There are many different, difficult conversations to have about racism in our city. We shouldn't be prepared to avoid these difficult conversations by shunting them into the bureaucracy of a City department.
By Anthony Marco
Published December 09, 2019
The City of Hamilton is seeking to restart the Hamilton Anti-Racism Resource Centre (HARRC) without any meaningful consultation from racialized community groups in the area. Instead of seeking meaningful input on what the Centre can do differently from its initial shaky start up, the plan is for the City to hand over all the reins of HARRC to the City's Human Resources department.
While people of colour in Hamilton should bristle at the optics of being treated like "employees" by their elected leaders, it is a further slap in the face that the leaders of Hamilton's Human Resources Department are not people of colour.
While sometimes well-intentioned, Human Resources departments generally treat racism on a "risk/reward" basis. This is a department who, up until recently, hedged on what to do upon "discovering" a known employee with Nazi leadership ties.
Providing a safe and welcoming space to the diversity of cultures represented by racialized communities in Hamilton cannot be achieved by people whose primary lens is figuring out loopholes in collective agreements.
At the Hamilton and District Labour Council, we believe the Centre should be re-initialized as soon as possible, but not at the cost of ignoring or alienating those who will be using it most. We would strongly encourage the City to take a step back and do some meaningful consultation with leaders of groups representing people of colour in our community.
A public survey which was distributed in English, and mostly answered by white allies, is not meaningful consultation with racialized community leaders.
While supporting anti-racism and people of colour who are at risk, there is often a need for expediency in the face of present dangers, but this expediency cannot come at the colonial cost of white people claiming to understand the personal impacts of racism and thinking they have all the answers.
According to the Immigrant Working Centre, There over 70 cultural heritage groups and ethnic associations in Hamilton. Many of these groups were not consulted during this process and did not fill out the city's survey, which was (as stated above) completed predominantly by white people.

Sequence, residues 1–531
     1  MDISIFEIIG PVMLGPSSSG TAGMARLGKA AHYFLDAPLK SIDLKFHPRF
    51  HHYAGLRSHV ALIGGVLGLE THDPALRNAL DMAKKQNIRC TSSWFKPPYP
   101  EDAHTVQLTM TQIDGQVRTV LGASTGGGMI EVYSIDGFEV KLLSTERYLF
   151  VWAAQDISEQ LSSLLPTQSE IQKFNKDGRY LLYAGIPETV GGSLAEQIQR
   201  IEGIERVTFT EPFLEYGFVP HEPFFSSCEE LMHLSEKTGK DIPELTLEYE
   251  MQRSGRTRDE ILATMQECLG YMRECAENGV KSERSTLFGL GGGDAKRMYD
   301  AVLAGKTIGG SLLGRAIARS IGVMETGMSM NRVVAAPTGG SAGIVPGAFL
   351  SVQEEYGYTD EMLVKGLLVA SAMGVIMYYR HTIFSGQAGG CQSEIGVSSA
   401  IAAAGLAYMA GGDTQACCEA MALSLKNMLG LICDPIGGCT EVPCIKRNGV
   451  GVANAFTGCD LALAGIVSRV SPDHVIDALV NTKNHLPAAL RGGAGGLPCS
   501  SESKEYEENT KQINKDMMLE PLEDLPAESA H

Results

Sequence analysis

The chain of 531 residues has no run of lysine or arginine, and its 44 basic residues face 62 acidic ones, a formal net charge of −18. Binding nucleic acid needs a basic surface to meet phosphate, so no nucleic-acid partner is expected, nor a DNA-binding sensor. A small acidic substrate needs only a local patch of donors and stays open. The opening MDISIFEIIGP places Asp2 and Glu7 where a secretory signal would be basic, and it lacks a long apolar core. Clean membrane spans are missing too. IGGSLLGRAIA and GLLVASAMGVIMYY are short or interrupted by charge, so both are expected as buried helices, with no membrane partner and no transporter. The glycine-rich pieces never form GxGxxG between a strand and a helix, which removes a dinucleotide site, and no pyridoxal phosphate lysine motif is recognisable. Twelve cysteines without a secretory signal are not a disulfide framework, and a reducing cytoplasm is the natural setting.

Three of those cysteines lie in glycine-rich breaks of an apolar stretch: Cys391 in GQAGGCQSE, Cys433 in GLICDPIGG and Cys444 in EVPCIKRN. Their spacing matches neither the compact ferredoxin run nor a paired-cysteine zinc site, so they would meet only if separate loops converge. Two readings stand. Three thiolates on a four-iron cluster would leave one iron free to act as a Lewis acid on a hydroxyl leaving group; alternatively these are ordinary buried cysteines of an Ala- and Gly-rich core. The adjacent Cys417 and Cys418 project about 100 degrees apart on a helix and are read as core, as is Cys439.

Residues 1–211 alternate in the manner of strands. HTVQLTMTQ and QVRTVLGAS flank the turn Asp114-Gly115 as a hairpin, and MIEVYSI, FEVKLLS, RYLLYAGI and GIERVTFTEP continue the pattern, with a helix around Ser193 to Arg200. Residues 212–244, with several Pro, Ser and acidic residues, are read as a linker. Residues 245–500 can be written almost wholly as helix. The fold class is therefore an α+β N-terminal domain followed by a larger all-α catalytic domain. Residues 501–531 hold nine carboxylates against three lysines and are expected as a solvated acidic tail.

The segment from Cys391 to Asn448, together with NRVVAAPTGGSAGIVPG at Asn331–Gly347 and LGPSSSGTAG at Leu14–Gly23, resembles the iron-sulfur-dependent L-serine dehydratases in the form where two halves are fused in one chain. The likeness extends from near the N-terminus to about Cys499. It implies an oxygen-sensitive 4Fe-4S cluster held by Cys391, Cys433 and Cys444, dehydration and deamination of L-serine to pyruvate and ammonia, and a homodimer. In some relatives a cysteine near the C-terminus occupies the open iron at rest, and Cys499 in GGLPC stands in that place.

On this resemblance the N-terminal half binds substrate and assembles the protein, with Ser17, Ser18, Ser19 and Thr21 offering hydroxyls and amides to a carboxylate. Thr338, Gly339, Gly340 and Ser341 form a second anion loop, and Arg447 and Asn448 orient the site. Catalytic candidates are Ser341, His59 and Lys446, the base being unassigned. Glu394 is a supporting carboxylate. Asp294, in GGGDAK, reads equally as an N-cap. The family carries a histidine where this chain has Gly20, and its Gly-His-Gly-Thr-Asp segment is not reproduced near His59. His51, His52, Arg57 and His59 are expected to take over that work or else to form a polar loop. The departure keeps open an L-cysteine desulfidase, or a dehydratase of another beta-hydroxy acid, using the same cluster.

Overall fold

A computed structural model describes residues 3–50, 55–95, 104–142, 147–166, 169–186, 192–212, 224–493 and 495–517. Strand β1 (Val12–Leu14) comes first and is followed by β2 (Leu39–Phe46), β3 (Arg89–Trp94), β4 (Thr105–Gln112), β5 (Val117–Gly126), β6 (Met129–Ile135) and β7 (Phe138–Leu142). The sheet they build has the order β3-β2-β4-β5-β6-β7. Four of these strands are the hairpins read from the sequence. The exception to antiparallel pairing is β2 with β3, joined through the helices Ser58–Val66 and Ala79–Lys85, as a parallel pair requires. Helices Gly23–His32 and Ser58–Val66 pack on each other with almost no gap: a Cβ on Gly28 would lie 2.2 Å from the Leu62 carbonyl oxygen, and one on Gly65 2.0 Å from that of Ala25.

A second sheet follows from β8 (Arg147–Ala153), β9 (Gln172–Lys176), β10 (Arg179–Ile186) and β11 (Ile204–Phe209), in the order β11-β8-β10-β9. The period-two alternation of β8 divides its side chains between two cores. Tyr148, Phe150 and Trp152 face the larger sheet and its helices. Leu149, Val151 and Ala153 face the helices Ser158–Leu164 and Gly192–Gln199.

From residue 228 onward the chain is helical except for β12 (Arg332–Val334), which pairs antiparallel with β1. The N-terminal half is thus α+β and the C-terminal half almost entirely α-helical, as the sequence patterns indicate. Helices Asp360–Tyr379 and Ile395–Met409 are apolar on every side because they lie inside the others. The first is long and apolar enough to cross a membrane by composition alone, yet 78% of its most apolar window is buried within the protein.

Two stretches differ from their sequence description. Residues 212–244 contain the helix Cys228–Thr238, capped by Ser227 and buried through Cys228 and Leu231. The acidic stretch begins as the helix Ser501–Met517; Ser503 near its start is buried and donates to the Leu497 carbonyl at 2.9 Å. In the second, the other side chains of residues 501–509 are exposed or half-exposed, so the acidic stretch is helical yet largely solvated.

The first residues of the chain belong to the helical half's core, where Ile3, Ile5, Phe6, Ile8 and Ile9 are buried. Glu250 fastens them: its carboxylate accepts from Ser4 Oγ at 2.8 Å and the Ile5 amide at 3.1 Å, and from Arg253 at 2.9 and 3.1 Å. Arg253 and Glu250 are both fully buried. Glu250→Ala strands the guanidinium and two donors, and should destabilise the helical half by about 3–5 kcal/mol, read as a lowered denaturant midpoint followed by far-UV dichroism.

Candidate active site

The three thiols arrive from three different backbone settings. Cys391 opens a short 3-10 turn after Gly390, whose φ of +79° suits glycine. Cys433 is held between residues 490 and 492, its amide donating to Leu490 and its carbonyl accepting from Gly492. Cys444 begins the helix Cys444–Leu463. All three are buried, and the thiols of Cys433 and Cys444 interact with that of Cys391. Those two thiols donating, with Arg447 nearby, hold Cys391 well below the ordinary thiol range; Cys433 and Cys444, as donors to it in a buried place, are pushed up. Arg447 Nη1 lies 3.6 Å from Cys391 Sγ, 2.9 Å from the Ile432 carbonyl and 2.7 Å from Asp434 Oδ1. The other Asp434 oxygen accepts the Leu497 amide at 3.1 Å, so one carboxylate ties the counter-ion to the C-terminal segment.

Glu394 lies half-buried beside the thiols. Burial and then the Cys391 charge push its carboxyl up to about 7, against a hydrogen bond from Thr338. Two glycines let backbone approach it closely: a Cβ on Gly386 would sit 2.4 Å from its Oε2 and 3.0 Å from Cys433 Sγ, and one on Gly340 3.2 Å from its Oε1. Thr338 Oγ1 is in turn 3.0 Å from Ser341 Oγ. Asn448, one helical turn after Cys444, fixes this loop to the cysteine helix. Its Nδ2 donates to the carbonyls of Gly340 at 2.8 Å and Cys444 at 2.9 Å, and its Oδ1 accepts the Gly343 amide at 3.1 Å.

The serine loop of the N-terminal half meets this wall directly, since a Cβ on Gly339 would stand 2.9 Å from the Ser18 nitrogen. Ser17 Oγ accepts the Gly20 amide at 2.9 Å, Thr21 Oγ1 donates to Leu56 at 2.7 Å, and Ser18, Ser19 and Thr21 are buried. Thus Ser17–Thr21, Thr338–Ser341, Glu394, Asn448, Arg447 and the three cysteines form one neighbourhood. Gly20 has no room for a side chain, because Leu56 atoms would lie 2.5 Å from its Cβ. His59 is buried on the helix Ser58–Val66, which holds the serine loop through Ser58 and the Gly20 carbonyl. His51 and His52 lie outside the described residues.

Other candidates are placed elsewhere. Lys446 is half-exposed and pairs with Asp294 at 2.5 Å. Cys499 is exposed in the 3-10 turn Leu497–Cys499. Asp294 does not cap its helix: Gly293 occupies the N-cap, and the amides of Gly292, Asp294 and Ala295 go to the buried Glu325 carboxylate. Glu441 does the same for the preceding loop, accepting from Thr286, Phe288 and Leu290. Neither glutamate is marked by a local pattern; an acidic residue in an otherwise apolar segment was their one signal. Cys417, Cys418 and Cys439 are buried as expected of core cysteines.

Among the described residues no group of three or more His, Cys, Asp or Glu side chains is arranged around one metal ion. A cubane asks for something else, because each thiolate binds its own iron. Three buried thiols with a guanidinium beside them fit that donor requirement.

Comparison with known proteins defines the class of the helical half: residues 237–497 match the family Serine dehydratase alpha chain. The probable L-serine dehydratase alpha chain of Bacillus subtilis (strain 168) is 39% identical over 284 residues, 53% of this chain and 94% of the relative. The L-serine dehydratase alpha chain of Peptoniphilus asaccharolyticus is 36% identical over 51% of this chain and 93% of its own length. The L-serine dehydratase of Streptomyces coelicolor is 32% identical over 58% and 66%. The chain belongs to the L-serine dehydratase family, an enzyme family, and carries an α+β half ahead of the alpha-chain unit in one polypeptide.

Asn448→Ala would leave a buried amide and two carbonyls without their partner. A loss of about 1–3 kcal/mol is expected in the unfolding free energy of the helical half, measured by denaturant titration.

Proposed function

These groups include, but are not limited to:
Partnerships with this many groups can be difficult. In many cases they should be! There are many different, difficult conversations to have about racism in our city. We shouldn't be prepared to avoid these difficult conversations by shunting them into the bureaucracy of a City department.
We urge City Council to table/refer the motion which would restart of the Hamilton Anti-Racism Resource Centre until meaningful consultation has been done with people of colour in the community. We applaud the intent of expediency, but we also know that the growing pervasive nature of the culture of racism in our city means that it is not merely the Centre's existence that is important, but it's ability to serve the needs of those in Hamilton who truly need to access its services on a long-term sustainable basis.
If you are able, please contact your City Councillor below, and tell them to refer the motion until meaningful consultation has been done with people of colour in the community. Please also consider coming in person to City Council on Wednesday December 11th at 9:30 AM to pressure council to refer this motion!
Mayor - Fred Eisenberger
Ward 1 - Maureen Wilson
Ward 2 - Jason Farr
Ward 3 - Nrinder Nann
Ward 4 - Sam Merulla
Ward 5 - Chad Collins
Ward 6 - Tom Jackson
Phone: 905-546-2707 Fax: 905-546-2535
Ward 7- Esther Pauls
Ward 8 - John-Paul Danko
Ward 9- Brad Clark
Ward 10 - Maria Pearson
Ward 11 - Brenda Johnson
Ward 12 - Lloyd Ferguson
Ward 13 - Arlene VanderBeek
Ward 14 - Terry Whitehead
Ward 15 - Judi Partridge
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